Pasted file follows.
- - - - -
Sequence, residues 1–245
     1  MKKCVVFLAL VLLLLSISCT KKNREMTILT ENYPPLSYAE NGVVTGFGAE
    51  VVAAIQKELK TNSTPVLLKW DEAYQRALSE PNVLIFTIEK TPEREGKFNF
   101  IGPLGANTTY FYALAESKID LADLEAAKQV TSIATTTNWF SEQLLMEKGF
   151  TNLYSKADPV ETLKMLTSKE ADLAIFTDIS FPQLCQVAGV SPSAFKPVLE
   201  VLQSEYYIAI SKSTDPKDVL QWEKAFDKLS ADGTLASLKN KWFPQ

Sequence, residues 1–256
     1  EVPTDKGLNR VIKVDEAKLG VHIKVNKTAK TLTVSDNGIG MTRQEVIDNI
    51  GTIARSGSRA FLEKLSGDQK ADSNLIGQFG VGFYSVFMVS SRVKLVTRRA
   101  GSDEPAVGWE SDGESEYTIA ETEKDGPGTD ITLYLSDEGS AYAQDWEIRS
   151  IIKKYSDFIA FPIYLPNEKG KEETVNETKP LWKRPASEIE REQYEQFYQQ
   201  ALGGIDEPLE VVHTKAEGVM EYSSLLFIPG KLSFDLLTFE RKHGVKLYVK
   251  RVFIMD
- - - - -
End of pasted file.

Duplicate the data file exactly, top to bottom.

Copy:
Sequence, residues 1–245
     1  MKKCVVFLAL VLLLLSISCT KKNREMTILT ENYPPLSYAE NGVVTGFGAE
    51  VVAAIQKELK TNSTPVLLKW DEAYQRALSE PNVLIFTIEK TPEREGKFNF
   101  IGPLGANTTY FYALAESKID LADLEAAKQV TSIATTTNWF SEQLLMEKGF
   151  TNLYSKADPV ETLKMLTSKE ADLAIFTDIS FPQLCQVAGV SPSAFKPVLE
   201  VLQSEYYIAI SKSTDPKDVL QWEKAFDKLS ADGTLASLKN KWFPQ

Sequence, residues 1–256
     1  EVPTDKGLNR VIKVDEAKLG VHIKVNKTAK TLTVSDNGIG MTRQEVIDNI
    51  GTIARSGSRA FLEKLSGDQK ADSNLIGQFG VGFYSVFMVS SRVKLVTRRA
   101  GSDEPAVGWE SDGESEYTIA ETEKDGPGTD ITLYLSDEGS AYAQDWEIRS
   151  IIKKYSDFIA FPIYLPNEKG KEETVNETKP LWKRPASEIE REQYEQFYQQ
   201  ALGGIDEPLE VVHTKAEGVM EYSSLLFIPG KLSFDLLTFE RKHGVKLYVK
   251  RVFIMD